First to celebrate was Dave’s youngest son, Steven, with an assist from Nicolette Corrao who is married to one of Dave’s sons. Steven had a tough time speaking at first with tears and Nicky had to keep pushing the mic closer, but when he got to singing, it was beautiful. He had written this music to his Dad’s poem and homage to his mother, Josephine.

Next came a teenage granddaughter, Caitlin Morgan, who had been sitting in the pew across from me with a box of tissues. She tearfully spoke and delivered a short poem. I had trouble catching it. This is partly because I’m not wearing my uncomfortable but expensive hearing aids.

Then the Family Remembrances began. These indeed took quite a while but were interesting and moving. A grandson, Markus Bradley, bearded in his early 20’s started it off. He was a charming fellow and I caught a few of his interesting stories involving his granddad.

OK, this post is getting too long and I’m running out of steam. I’ll never be able to recapture all of this amazing and inspirational event. So what about me?

After several other celebratory events, there came a time for General Remembrances from anyone in the audience. Needing desperately to urinate, and knowing that the toilet was outside the door just beyond the mic, I rushed up after the first speaker had finished his five or ten minute speech — it was interesting and about Dave’s relationship to Finland but I missed a lot — grabbed the mic and told how I used to sit beside Dave in the choir. That helped cement a friendship between us, and I told of the time there was this discussion amongst the women in the front row which I — being slightly deaf as I’ve implied — couldn’t hear very well. Dave was even deafer than me, but I asked him, “What are they saying?” He waved his hand to say, “It doesn’t matter.” This drew quite a bit of laughter from the audience. Then I headed for the toilet, and returned later to my seat after waiting for another long-winded but interesting story-teller finish his remembrances of Dave.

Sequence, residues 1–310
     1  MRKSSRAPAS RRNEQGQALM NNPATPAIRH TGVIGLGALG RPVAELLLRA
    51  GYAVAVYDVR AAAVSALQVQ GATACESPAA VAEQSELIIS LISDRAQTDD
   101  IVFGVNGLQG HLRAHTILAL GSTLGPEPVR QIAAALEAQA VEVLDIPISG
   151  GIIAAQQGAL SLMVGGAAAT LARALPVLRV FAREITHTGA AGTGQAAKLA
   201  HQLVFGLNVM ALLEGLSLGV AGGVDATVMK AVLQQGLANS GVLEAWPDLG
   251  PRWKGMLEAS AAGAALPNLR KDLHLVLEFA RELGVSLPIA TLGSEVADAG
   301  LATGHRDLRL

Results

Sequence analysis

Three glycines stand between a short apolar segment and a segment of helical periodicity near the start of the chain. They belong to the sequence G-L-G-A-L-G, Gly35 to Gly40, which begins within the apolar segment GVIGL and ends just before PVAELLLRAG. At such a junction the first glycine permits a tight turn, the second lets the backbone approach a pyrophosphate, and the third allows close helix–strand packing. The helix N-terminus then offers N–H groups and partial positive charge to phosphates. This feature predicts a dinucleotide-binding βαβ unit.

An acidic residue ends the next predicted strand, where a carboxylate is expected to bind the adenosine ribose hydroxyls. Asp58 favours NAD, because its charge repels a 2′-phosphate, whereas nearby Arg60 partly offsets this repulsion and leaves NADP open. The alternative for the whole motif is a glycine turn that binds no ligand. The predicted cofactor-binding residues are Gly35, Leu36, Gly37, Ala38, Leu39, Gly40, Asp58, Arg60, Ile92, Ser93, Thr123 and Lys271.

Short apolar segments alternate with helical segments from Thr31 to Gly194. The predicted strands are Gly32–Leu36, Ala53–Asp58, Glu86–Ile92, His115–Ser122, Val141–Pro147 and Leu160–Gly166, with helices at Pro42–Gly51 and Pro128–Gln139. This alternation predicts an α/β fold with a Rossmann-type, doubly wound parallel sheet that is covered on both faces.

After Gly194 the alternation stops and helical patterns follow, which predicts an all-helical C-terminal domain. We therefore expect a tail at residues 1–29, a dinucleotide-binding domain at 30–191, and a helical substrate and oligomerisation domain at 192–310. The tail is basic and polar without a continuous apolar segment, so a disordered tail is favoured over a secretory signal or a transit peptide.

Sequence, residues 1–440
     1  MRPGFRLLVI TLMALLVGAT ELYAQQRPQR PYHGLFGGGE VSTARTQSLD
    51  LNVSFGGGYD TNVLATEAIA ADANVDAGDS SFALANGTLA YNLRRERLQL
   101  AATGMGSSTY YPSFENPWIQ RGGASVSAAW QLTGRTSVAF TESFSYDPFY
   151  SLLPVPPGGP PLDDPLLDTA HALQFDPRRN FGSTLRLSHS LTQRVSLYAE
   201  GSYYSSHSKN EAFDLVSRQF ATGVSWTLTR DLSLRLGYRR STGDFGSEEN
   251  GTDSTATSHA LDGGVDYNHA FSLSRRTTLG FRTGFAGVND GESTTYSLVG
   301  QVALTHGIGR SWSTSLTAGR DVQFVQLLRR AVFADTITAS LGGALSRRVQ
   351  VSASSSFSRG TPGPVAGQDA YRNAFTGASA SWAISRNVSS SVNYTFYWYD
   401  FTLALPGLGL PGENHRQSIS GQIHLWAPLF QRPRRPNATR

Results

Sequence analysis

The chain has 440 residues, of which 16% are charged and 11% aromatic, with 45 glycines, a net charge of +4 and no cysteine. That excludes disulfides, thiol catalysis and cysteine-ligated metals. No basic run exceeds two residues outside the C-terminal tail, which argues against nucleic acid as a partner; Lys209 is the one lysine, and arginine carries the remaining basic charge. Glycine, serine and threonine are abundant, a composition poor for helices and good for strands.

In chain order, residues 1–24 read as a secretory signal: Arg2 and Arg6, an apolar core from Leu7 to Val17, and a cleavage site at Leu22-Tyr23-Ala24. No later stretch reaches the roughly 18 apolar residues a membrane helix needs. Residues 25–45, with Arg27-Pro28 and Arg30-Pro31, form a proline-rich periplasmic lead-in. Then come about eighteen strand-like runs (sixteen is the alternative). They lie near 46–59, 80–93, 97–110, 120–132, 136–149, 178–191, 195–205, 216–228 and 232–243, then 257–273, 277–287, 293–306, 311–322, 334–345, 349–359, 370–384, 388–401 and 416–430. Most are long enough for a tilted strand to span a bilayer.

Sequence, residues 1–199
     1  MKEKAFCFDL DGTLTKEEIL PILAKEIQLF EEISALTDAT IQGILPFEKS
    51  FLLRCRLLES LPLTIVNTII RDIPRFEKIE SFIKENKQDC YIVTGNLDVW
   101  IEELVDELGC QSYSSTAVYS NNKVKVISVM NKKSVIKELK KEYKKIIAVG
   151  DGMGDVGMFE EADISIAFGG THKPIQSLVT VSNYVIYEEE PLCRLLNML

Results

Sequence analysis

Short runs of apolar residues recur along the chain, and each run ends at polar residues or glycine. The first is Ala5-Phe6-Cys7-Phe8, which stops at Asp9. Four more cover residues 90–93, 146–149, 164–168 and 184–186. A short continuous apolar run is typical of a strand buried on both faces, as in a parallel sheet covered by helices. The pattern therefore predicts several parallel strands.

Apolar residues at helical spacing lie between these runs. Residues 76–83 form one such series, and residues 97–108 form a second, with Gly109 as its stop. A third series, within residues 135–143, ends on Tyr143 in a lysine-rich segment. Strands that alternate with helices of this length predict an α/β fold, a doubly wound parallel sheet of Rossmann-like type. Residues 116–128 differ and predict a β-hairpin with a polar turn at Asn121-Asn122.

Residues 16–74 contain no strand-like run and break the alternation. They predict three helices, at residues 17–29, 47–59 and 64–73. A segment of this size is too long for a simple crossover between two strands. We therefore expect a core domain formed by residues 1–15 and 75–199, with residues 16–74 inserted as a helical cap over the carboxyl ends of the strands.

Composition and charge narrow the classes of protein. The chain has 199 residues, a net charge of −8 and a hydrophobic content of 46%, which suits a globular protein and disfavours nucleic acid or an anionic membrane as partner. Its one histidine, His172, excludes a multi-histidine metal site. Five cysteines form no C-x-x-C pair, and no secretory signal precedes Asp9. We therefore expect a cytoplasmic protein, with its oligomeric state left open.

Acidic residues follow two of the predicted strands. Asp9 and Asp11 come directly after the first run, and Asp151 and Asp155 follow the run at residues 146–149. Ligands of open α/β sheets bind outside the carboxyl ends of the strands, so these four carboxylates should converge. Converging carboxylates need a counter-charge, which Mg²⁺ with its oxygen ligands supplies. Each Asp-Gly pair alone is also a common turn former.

By the time it got to be my turn to join the group and sing Goin’ Home, I was worn out from the long wait and lack of food. So, I don’t think I did as well with the song as during the rehearsal. But still, I felt good about it, hit the high notes well, and kept from crying. Before I sang and just before the Benediction by Rev. Beal, Nicolette Corrao gave a powerfully beautiful performance of Gounod’s Ave Maria.

Finally, Ben Tucker III gave inspirational and profound Closing Remarks and everyone held hands for the closing prayer about the importance of our mutual love. We were all eager after this to sample the great supplies of food put together downstairs by church member Kathi Pewitt and her helpers.